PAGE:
1. Technology

Building a Web Page for the Totally Lost

Baby Steps in HTML and Web Design


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If you are new to the Internet or you've never built a Web page before, learning HTML can be very intimidating. There are a lot of things that most "beginning HTML" programs assume that you know and understand about computers, the Internet, and the Web. But with this article, you will be able to start an HTML class without being afraid that you'll be in over your head.

The Basic Tools

In order to use this guide, you will need the following:

  1. a computer - either Windows or Macintosh
  2. Internet access
  3. an understanding of how to click on links and use Web pages
  4. the ability to follow on-screen instructions

Since the first two are required to even view this document, I'll address number three. If you are not comfortable with the terms "click" or "link" or "Web page" then I would suggest that you first check out About's Internet For Beginners site. Paul has many easy-to-understand articles on the basics of the Internet. Even people who've been browsing the Web for a while can benefit from the site.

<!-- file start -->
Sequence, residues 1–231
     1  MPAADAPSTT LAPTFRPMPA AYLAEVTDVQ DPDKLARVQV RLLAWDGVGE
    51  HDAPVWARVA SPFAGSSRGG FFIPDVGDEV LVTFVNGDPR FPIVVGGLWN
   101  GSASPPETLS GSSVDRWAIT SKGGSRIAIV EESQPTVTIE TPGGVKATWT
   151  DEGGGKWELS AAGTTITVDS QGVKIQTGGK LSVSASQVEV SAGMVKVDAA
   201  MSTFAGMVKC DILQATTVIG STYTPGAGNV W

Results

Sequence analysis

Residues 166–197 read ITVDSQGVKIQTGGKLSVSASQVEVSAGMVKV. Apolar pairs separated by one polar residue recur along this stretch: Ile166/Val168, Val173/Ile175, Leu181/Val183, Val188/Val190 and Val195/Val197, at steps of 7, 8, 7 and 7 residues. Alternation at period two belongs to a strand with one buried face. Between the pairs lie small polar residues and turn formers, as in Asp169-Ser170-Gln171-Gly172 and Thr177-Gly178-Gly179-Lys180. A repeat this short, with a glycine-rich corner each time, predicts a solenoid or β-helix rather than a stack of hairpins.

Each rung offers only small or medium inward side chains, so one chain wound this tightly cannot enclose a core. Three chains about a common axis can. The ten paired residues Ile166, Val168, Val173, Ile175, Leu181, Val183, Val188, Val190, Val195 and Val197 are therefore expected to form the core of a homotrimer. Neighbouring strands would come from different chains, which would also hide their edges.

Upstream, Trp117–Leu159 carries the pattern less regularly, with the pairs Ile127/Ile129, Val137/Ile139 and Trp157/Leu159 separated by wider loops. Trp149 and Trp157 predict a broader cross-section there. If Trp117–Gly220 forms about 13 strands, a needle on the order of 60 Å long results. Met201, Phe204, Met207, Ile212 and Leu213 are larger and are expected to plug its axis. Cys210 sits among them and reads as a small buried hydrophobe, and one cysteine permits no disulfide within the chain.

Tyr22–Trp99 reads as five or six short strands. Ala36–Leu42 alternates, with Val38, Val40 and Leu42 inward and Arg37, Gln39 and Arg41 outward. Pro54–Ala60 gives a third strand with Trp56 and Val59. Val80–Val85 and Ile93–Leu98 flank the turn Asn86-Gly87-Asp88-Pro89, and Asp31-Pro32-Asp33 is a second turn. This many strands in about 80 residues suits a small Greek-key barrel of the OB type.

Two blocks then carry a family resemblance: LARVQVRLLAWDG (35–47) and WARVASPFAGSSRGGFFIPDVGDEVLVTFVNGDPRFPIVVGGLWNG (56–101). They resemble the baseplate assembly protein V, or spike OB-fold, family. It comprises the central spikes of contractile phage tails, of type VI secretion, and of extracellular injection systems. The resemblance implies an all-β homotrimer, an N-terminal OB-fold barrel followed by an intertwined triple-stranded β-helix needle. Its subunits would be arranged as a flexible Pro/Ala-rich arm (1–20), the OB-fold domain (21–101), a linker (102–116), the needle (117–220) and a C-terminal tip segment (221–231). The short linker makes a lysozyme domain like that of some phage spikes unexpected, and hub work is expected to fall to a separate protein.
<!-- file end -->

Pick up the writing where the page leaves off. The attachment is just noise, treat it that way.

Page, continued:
This tutorial is written completely online. However, if you are uncomfortable doing online tutorials, you can go to the printer friendly version of this page, and print it out. However, as tool #4 says, you need to be able to follow basic instructions. You should not skip steps, or change the order, as this may change your results.

What is a Web Page?

When you browse the Web, you use a Web browser, the most popular ones are Internet Explorer and Firefox. These are simply programs on your computer, like Microsoft Word or iTunes, that open and view Web pages. A Web page is a document, like a Word document or MP3 file, that the Web browser views.

The big difference between opening a Word document and a Web page on your computer is that the Web page is not actually stored on your computer, while the Word document is. So the Web browser uses the Internet to access other computers and call up their Web pages for viewing.

Web pages are written in HTML (now, often called XHTML). This is a language that Web browsers use to understand how to display as Web pages.

The next page explains how to create a Web page - step-by-step.

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